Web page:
The invisible hand of high scrap prices is tidying Mongolia’s sere and treeless landscape, a tableau now picked clean of metal trash. On a recent six-hour drive across the steppe, only two wrecked cars could be seen. One had been converted into a feed dispenser for livestock. The other car had been in an accident only a few hours earlier. …
The Pacific port of Vladivostok, once disfigured with half-sunken derelict boats, has been cleaned up, restoring the harbor’s reputation as the San Francisco of the Russian Far East. Moving deeper and deeper into Siberia in search of junk metal, the INI Steel Company of South Korea opened a purchasing office in 2003 in Yakutsk, 300 miles south of the Arctic Circle.
The phenomenon has not been limited to developing economies. Earlier this year, thieves stripped copper downspouts off fancy Chevy Chase homes and stole wiring at Houston’s public library. Perhaps hardest hit has been Detroit. Michigan has the highest unemployment rate in the nation at around 7%, and the Detroit area’s is around 8%. With copper fetching over $3 a pound, it becomes attractive for theft.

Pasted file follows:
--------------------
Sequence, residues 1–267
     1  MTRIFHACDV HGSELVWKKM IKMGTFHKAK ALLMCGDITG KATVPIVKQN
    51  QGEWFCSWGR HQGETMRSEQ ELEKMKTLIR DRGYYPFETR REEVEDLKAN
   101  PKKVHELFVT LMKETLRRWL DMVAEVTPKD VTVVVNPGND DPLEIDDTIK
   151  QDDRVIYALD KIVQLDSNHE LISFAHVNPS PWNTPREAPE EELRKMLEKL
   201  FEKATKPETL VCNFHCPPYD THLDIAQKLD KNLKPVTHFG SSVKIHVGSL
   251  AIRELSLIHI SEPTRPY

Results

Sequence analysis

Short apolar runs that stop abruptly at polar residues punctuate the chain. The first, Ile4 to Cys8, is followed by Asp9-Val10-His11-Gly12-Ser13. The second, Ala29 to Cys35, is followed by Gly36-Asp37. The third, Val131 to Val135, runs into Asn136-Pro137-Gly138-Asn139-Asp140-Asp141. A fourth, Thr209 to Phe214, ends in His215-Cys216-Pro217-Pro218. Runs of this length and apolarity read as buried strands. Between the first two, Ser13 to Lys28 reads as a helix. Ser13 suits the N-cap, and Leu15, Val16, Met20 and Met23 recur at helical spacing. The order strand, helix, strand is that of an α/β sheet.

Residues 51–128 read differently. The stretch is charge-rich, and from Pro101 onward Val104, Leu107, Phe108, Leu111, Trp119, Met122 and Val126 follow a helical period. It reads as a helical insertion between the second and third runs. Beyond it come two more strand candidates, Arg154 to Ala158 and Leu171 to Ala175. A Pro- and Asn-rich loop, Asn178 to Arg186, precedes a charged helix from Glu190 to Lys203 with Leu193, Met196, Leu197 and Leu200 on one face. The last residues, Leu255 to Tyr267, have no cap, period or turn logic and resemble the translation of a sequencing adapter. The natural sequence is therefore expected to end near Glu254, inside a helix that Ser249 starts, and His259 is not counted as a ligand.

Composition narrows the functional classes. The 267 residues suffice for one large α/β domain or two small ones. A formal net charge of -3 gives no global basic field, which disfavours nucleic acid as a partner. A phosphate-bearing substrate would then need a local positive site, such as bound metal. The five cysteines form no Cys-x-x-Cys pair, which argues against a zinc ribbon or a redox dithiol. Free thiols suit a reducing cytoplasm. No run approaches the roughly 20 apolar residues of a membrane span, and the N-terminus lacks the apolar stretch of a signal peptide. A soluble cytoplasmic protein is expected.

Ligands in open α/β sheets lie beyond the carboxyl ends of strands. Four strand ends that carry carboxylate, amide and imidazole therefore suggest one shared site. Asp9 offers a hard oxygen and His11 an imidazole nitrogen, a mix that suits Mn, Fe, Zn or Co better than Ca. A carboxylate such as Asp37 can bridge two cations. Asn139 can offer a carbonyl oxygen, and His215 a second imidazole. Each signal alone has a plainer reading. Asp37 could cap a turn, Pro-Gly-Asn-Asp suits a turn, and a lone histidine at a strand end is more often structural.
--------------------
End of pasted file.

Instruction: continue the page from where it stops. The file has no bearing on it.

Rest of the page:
According to a press release issued earlier this year, the city’s primary telephone and power utilities reported over 370 incidents of copper theft in the first half of 2007, and have begun a program offering $1,000 for any information relating to copper theft. For a recent magazine article, a reporter tagged along with a power company executive investigating a report of stolen wire. The thieves were seen in Detroit burning off the rubber sheathing to prepare stolen wire for redemption at a scrap yard. The photo shows the executive, Michael Lynch, extinguishing the wires while the man who had been tending it looks on. The article describes in some detail the connection between metal theft and drug use. The problem is not limited to utility wires, the theft of copper piping at a historic Detroit gym drew the attention of the Freakonomics blog last year.